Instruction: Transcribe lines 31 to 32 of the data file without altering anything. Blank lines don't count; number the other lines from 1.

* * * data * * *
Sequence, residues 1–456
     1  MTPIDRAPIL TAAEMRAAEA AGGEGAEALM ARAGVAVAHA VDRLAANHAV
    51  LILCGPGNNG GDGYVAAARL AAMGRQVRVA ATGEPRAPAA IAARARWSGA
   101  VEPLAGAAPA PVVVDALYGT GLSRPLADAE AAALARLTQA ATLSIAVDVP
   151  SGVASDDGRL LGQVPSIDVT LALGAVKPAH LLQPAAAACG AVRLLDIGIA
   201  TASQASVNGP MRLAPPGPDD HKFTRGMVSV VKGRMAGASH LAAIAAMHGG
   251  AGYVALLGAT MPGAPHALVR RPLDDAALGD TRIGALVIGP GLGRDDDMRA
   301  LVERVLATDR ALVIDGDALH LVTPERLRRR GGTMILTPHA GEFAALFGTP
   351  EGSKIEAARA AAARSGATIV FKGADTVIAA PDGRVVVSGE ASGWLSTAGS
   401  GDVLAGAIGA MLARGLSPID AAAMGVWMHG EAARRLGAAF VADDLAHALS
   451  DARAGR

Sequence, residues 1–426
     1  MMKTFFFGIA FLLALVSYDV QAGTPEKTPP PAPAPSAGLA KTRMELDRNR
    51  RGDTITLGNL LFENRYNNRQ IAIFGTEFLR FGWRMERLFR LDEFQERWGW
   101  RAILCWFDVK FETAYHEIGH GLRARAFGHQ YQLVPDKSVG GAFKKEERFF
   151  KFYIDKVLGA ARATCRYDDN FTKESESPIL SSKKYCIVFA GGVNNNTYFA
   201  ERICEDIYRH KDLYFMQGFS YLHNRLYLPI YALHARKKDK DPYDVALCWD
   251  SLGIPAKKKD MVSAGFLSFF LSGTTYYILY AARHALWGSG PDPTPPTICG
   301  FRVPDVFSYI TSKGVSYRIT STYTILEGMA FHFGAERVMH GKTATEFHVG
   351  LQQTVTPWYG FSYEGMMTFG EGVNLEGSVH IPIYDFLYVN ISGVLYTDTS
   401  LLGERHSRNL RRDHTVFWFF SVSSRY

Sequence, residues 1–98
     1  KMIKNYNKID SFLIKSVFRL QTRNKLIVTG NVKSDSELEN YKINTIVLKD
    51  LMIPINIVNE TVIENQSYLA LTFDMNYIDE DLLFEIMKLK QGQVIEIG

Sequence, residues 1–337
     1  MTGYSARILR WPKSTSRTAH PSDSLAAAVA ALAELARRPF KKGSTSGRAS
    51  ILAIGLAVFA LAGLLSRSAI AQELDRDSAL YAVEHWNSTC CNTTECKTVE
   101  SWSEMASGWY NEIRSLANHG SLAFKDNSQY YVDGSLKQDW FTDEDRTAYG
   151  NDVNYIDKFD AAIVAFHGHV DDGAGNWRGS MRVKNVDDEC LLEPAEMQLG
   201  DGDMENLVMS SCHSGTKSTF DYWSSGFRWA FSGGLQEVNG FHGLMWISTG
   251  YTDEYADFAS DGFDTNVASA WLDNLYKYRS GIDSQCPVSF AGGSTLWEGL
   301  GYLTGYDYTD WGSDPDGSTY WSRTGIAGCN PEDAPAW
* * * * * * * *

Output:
   251  YTDEYADFAS DGFDTNVASA WLDNLYKYRS GIDSQCPVSF AGGSTLWEGL
   301  GYLTGYDYTD WGSDPDGSTY WSRTGIAGCN PEDAPAW